2   +   5   =  

the time of my lifeReleased: 2011

My life needed me. It was going through a tough time and I hadn’t been paying attention to it.’ How many people can identify with this statement I wonder? If ever there were a book that made you really stop and contemplate where your life was heading, it would be Cecelia Ahern’s The Time Of My Life.

Lucy Silchester is a prime example of a life neglecter.

The book begins with Lucy receiving an envelope through her letterbox. Inside is an invitation. The sender? Life itself. Yes, life in this world manifests itself as an actual living and breathing person. The idea of a physical representation of one’s life was initially difficult for me to get my head around. It was a confusing premise, not to be overthought, but once I felt comfortable with the idea I was able to enjoy the story.

Lucy’s life is not happy with her. He’s miserable, lonely, ragged (strangely her life is a man). Whilst Lucy appears on the outside to be getting on okay, her life in human form is an exact representation of how her life has actually spiralled into a sorry and sad state, fuelled by Lucy’s maddening ability to lie about almost everything and her habit of avoiding situations.

Lucy has fooled herself into believing that her life is fine, though this is merely another lie she tells herself so that she can avoid the hurt and heartache she would have to face if she admitted up to the reality. In actuality Lucy is well and truly stuck in a shambolic rut. She despises her job, yet she won’t quit.

Her small apartment is a pigsty, yet she’s reluctant to clean it. Her relationship with her parents is increasingly strained, but she won’t lift a finger to build it back together. She is completely closed off to change, absolutely convinced that all she needs to do to find that ‘happy ever after’ is get her ex-boyfriend back. This is a ludicrous plan right from the start; it just takes Lucy almost the entire book to work it out.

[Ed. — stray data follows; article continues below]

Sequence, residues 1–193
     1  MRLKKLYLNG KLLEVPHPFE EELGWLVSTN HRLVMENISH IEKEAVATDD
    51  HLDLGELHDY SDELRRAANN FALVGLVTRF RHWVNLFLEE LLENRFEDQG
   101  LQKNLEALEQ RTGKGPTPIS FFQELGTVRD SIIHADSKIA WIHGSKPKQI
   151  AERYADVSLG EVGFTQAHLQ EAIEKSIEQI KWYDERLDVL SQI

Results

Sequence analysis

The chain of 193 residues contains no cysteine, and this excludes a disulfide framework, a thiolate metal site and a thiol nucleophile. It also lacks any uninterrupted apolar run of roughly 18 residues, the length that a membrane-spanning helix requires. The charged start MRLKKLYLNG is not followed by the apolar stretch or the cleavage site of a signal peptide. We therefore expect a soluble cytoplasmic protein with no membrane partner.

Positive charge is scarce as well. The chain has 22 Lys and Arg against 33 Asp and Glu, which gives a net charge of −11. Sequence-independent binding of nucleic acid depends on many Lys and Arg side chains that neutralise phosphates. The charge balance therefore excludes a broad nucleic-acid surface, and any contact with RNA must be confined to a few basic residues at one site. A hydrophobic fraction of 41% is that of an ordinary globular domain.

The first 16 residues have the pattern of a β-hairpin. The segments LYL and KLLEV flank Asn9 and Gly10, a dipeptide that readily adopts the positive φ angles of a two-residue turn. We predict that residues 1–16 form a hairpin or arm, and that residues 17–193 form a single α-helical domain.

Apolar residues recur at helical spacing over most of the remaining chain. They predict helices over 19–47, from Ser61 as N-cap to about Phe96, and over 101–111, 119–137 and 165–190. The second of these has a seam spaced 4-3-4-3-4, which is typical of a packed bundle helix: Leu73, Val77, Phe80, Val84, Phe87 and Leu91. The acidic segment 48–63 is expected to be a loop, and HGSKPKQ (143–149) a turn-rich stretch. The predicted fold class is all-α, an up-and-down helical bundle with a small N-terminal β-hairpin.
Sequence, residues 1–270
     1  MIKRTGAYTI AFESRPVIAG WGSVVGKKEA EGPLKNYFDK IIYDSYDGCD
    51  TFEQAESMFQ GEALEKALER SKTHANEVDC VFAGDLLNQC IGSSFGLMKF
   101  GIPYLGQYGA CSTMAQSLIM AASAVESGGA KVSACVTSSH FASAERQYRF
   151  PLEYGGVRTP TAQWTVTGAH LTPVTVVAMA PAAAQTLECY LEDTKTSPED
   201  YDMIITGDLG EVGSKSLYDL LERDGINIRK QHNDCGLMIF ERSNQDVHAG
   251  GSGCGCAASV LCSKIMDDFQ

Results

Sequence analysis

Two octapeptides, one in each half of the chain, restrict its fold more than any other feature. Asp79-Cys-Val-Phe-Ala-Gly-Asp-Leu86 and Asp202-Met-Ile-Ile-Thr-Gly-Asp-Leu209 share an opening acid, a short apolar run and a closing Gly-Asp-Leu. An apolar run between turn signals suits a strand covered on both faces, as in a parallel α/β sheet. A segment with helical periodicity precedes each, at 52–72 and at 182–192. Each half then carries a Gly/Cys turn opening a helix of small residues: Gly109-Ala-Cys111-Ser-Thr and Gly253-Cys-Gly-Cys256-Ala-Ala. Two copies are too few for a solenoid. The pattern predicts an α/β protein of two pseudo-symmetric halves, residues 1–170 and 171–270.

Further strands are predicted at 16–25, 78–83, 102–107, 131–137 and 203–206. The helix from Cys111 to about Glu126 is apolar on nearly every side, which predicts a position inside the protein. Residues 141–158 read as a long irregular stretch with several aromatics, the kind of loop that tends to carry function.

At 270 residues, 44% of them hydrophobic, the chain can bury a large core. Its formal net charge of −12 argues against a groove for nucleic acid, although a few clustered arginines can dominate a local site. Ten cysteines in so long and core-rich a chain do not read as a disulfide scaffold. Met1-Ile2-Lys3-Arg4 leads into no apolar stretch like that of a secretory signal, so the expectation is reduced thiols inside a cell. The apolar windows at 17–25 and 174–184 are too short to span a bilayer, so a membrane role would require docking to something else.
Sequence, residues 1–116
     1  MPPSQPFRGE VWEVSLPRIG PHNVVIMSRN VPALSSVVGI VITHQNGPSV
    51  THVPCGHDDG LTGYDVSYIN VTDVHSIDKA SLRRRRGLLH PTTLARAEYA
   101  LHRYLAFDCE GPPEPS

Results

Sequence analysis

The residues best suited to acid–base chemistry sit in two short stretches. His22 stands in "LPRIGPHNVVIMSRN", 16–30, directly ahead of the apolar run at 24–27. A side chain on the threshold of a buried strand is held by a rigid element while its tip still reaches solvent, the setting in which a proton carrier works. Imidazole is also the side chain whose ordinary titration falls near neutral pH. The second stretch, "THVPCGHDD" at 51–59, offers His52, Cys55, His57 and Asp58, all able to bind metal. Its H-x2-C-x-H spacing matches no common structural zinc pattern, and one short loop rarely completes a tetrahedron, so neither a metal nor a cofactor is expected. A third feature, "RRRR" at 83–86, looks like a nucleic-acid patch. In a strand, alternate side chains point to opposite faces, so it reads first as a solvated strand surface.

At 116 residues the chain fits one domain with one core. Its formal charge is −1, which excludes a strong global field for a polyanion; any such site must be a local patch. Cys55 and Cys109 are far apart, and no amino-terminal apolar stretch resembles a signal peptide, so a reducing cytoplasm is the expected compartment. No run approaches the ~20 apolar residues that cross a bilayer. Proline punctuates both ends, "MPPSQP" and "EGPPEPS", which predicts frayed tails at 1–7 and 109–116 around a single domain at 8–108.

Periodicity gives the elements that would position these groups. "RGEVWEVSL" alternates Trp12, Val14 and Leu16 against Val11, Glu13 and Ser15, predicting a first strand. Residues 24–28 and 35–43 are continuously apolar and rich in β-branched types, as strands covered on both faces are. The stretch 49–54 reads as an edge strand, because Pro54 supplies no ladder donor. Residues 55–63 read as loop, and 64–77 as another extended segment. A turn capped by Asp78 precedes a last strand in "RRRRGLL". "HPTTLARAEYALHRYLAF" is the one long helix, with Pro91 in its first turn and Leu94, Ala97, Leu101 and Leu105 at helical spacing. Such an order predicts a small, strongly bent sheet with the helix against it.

She goes through life telling half-truths which, as the book progresses, escalate into full-blown lies. She has lied to her family, her friends, her work colleagues and her boss, and life in human form is hell-bent on forcing her to face up to her mess of an existence. And if she doesn’t? Life is going to reveal all her lies in spectacular fashion. Honesty hurts, but it also sets you free – something human life tries to get Lucy to realise from the very beginning.

The banter between Lucy and her life is brilliant – whilst you might think they would be the exact same person, life has his own life away from our main character (confused?). Lucy is rather charming despite her downfalls. She is flawed and she makes mistakes. One thing that sticks out is that she is above all else, human. This is a true testament to Ahern’s brilliant writing.

If you don’t find yourself wanting to reach into the book and shake Lucy you have clearly missed the point of the story. Lucy isn’t supposed to be the most likeable character, but she is probably the most relatable one I’ve come across for a while. Her stubbornness irritated me throughout, yet I couldn’t help but warm to her. Stubbornness is certainly a quality I can identify with, however unattractive it is.

Ahern’s writing is charismatic and honest, her characters are sincere and the plot, however far fetched, is centred on issues we’re all familiar with. Perhaps this is what makes the book so comforting to read.

It’s not a typical, run-of-the-mill chick-lit book. It’s thought provoking, witty and heart-warming.

It leaves you with the ever-pertinent message that occasionally we have to stop and take a look around to make sure that we’re living up to what we want from life.


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